Scrapbookpages Blog

February 24, 2017

Sachsenhausen camp gets no respect

Filed under: Germany, Holocaust, Uncategorized — furtherglory @ 8:38 am

This morning, I read a news article about tourists taking selfies at the memorial site at the former Sachsenhausen concentration camp.

The following quote is from the news article:

Begin quote

Just what constitutes appropriate behavior at a Holocaust memorial site has been a hot topic recently. Last month, the Israeli-German writer and satirist Shahak Shapira reignited the public debate about “Holocaust tourism” with a website “shaming” tourists who appear in flippant selfies taken at the Holocaust memorial in Berlin. Shapira’s site, titled Yolocaust, superimposed smiling tourists with gruesome images from the Holocaust, such as piles of corpses.

End quote

Tourists posing for photo at Sachsenhausen memorial site

Tourists posing for photo at Sachsenhausen memorial site

My photo of the gate into the Sachsenhausen memorial site is shown below.

My photo of the Sachsenhausen entrance

My photo of the Sachsenhausen entrance

My photo of trees at the end of the entrance road

My photo of trees at the end of the entrance road

How did I get a photo of the Sachsenhausen gate with no tourists in the picture?

Simple — I was the only person there. I walked around for a couple of hours, and saw no one else. Most people go with a tour group, but I was there all alone.

The original Sachsenhausen concentration camp was designed by 29-year-old architect SS-Untersturmführer Bernhard Kuiper in the shape of an isoceles triangle, or pyramid, with the apex of the triangle at the rear of the camp and the two equal sides of the triangle forming the side boundaries of the camp. The gate house was located at the base of the triangle in such a way that the machine guns in the guard tower on the top of the building could cover the whole camp.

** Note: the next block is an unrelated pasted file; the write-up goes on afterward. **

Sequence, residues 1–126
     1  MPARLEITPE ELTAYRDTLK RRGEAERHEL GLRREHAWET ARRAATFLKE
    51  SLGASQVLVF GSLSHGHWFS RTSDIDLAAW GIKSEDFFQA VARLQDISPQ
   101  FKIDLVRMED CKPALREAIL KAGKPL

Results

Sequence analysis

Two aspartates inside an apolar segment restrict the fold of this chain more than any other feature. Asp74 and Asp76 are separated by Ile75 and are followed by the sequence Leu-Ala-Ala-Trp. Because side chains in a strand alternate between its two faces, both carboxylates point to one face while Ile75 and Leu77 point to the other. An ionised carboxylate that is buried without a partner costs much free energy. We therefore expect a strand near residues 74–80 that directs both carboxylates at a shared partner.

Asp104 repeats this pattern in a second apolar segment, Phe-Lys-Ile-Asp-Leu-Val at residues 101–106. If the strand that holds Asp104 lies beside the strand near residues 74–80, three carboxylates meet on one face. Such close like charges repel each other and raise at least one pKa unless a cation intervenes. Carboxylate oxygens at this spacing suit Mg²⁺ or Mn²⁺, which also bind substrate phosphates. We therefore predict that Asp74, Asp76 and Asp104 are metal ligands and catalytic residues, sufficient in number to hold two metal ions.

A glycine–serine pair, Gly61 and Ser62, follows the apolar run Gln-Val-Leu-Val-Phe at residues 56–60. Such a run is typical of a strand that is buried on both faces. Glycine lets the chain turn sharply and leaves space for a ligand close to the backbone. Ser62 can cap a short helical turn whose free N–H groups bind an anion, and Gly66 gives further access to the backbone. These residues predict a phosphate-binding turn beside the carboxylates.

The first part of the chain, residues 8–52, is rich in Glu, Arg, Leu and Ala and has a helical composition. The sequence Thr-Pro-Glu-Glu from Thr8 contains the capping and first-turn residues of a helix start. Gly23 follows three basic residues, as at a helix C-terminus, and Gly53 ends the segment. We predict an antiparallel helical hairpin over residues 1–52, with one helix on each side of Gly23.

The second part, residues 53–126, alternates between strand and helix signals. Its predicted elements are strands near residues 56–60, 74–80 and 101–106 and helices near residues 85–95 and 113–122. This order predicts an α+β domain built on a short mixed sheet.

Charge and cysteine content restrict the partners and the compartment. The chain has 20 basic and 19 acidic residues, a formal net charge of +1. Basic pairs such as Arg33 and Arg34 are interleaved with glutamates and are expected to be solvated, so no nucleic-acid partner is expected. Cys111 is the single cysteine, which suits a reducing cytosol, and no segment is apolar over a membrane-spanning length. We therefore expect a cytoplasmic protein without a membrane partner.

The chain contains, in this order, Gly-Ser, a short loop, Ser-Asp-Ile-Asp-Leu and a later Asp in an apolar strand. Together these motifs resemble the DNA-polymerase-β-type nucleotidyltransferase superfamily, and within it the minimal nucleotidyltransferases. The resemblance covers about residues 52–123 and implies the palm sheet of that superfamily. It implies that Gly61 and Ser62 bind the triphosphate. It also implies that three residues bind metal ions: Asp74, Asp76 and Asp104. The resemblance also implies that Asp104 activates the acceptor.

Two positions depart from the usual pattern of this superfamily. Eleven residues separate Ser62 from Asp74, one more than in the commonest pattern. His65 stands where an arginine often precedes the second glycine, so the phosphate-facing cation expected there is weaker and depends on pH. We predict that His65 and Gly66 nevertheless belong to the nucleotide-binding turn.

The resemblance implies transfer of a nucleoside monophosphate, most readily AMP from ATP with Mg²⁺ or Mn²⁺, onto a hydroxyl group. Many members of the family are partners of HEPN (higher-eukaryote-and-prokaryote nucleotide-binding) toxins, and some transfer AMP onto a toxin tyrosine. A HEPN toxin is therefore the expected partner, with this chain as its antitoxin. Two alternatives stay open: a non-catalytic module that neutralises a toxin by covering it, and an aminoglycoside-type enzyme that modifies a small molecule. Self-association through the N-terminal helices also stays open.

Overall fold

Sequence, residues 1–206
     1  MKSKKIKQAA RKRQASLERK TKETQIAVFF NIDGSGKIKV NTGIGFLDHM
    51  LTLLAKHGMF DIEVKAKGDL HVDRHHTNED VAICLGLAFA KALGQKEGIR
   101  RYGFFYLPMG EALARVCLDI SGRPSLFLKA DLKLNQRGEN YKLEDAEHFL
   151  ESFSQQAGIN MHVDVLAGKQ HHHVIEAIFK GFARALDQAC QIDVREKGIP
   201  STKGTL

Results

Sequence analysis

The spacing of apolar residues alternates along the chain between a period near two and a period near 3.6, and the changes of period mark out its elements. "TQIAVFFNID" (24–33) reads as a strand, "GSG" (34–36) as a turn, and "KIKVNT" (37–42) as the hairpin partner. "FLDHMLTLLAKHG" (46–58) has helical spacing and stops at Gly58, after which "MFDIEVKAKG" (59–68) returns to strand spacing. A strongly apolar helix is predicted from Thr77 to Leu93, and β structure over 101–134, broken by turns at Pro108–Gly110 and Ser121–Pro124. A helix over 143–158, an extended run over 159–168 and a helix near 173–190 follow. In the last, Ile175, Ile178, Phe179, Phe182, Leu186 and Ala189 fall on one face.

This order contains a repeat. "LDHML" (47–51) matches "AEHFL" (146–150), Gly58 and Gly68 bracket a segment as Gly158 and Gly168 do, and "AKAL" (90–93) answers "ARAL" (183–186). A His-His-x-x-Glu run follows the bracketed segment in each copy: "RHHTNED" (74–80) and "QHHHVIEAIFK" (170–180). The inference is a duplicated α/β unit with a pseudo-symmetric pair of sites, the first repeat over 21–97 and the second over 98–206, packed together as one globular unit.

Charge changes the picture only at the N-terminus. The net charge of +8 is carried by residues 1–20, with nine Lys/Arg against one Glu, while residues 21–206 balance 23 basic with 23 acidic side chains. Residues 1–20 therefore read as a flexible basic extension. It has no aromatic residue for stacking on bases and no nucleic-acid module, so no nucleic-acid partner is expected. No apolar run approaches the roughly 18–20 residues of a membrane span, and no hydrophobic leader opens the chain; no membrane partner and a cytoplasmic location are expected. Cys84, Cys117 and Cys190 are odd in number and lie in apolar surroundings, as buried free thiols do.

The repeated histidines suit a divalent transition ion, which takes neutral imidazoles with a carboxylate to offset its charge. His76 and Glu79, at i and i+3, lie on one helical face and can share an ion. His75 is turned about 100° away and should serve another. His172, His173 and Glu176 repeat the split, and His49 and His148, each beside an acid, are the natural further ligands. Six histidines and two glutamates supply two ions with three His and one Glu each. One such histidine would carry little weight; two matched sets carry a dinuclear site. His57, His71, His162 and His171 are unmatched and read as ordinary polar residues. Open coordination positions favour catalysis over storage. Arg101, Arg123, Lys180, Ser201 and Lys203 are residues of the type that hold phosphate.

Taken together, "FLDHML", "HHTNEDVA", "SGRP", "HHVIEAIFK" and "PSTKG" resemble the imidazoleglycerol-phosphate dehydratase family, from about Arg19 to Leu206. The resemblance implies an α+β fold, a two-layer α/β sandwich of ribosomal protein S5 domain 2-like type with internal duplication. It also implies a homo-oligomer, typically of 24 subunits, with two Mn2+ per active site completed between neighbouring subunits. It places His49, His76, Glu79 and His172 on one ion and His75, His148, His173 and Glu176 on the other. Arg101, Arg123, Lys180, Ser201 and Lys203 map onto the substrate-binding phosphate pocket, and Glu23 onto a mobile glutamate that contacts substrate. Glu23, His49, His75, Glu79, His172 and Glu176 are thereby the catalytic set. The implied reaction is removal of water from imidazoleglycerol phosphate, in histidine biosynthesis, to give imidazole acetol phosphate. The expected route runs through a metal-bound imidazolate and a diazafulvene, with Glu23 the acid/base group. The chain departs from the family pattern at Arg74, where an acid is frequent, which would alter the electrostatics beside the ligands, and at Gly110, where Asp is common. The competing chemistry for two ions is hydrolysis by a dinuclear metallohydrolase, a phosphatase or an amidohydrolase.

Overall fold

According to Rudolf Höss, who was an adjutant at Sachsenhausen before he became the first Commandant of Auschwitz, “Arbeit Macht Frei” means that works liberates one in the spiritual sense. Höss was himself a prisoner at one time and he complained about having to sit all alone in a prison cell without having any work to occupy his time.

When Höss was sent to Auschwitz, as the Commandant of the camp, he had this same slogan put over the entrance gate into the Auschwitz main camp, which was called Auschwitz I.

When the Sachsenhausen camp was later turned into a Communist prison for German citizens, the Arbeit Macht Frei sign was removed and the prisoners did not work.

Immediately in front of the Sachsenhausen gate house is the roll call area (Appellplatz), which is shown in the center of my first photograph above.

According to a museum pamphlet, the SS constructed a shoe testing track here in 1940 where prisoners of the penal commando had to test the soles of army boots by marching for days. The civilian director of the shoe-testing operation was Ernst Brennscheidt, who was sentenced to 15 years of forced labor after he was convicted of Crimes against Humanity by a Soviet Union Military Tribunal in October 1947.